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22nd Feb 2024

‘Loathing early mornings has a lot more to do with your DNA than your love of a lie on’

Sophie Collins


Are you desperately trying to become a morning person?

We’ve all been bombarded at one point or another with the benefits of waking up early in the morning for the body and mind on social media.

For some people, it comes naturally and has always been part of their daily routine while others find it impossible to leave their bed at dawn.

If you have a job that requires you to wake up early in the morning, you’ve no choice, however, if it takes time for you to feel ready for the day it’s not because you’re lazy.

According to Irish Professor, Luke O’Neill, it has a lot more to do with your DNA than your love of a lie on.

Speaking with Newstalk’s Show Me the Science, Professor O’Neill said understanding the intricate makeup of our genetics, age, and gender is imperative to shed light on why some embrace the early hours while others revel in the night.

He delved into the fascinating realm of chronobiology, revealing how our inherent chronotypes – whether we lean towards being night owls or morning larks – are deeply rooted in our genetic makeup.

He explained: “It’s called the science of circadian rhythm… you’ve got a thing called a chronotype and either you’re a night owl or a morning lark.”

Drawing on extensive research involving 50,000 participants, Professor O’Neill emphasised that while environmental factors play a role in shaping sleep behaviours, genetics exert significant influence. 

“It turns out, it’s 50% genetic,” he revealed. “So even though when you’re a child, your parents are saying get up out of bed when you were lounging around as a teenager in bed, and your parents are influencing even more because they give you the gene variants that make you a morning lark or a night owl.”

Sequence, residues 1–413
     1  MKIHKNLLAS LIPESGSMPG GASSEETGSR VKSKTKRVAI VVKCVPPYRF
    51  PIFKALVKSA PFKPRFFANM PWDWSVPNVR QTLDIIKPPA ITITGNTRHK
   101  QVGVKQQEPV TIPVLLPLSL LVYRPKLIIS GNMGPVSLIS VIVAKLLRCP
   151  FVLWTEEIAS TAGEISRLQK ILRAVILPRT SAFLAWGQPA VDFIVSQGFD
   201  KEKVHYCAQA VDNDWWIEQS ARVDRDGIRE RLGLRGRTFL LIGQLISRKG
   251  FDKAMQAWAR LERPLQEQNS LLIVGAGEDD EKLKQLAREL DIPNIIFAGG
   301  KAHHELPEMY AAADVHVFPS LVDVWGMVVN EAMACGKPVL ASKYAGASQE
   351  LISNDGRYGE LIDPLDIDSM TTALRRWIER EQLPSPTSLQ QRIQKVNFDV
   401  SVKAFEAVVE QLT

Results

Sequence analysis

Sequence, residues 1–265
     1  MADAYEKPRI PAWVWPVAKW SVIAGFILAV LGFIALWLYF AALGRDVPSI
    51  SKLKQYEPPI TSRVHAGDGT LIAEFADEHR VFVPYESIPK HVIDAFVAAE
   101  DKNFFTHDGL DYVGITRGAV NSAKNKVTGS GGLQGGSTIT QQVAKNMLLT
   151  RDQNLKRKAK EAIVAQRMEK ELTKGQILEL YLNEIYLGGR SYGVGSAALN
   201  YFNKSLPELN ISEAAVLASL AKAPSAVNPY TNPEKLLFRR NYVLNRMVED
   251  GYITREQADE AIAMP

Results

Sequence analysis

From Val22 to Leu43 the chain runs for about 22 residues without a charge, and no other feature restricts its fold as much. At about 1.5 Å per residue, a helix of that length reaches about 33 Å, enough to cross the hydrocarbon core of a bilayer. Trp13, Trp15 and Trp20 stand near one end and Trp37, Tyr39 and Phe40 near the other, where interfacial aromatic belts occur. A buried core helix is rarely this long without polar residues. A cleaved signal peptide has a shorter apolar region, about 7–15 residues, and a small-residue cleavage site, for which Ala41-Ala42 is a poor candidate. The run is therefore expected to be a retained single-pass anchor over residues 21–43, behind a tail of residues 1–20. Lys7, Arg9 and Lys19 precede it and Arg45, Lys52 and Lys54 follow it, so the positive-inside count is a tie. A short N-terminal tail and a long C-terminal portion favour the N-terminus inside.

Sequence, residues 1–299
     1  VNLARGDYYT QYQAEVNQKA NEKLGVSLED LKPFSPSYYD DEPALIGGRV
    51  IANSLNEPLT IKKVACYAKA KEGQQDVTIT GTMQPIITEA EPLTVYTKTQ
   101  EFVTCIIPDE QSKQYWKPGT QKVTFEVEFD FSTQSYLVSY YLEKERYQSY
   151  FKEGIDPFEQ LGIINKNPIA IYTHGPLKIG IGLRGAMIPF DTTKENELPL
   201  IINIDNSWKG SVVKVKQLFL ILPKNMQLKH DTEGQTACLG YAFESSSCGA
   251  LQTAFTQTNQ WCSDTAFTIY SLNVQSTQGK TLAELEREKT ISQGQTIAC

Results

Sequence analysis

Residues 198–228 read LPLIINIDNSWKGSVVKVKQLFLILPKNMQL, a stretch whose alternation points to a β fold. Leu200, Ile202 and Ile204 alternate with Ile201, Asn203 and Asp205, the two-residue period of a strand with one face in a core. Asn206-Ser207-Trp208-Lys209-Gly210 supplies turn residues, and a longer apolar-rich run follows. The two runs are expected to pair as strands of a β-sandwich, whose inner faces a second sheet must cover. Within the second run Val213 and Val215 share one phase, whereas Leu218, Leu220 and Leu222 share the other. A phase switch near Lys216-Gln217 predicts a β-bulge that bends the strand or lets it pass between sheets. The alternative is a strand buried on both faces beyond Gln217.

As well as this, studies linking genetics, sleep patterns, and health outcomes have identified specific genes such as CLOCK, period-two, and HSV1, which contribute to a person’s predisposition towards being a night owl. 

Age also emerges as a crucial factor, with teens undergoing a natural transition towards favouring nighttime during puberty. 

“Studies show when you enter puberty, you become a night owl,” Professor O’Neill said, highlighting that the peak for males is at around age 21, while females tend to lean towards favouring the morning as they reach their peak at 19.

Nevertheless, the influence of age extends beyond puberty, as chronotypes gradually shift towards earlier hours as you age.

“Statistically, as you get older, your chronotype shifts to be earlier and then by the time you’re in your late 50s, early 60s, you’re getting up at about the same time as you did just before puberty,” Professor O’Neill explained.

In light of this, Professor O’Neill’s research shows the intricate interplay between genetics, age, and gender in shaping our sleep preferences and patterns. 

Whether you embrace the morning light or thrive under the cover of night, understanding the biological underpinnings offers valuable insights into improving sleep habits for overall well-being. 

So, while the debate over the virtues of early rising continues, maybe the key lies in embracing our natural rhythms encoded in our DNA.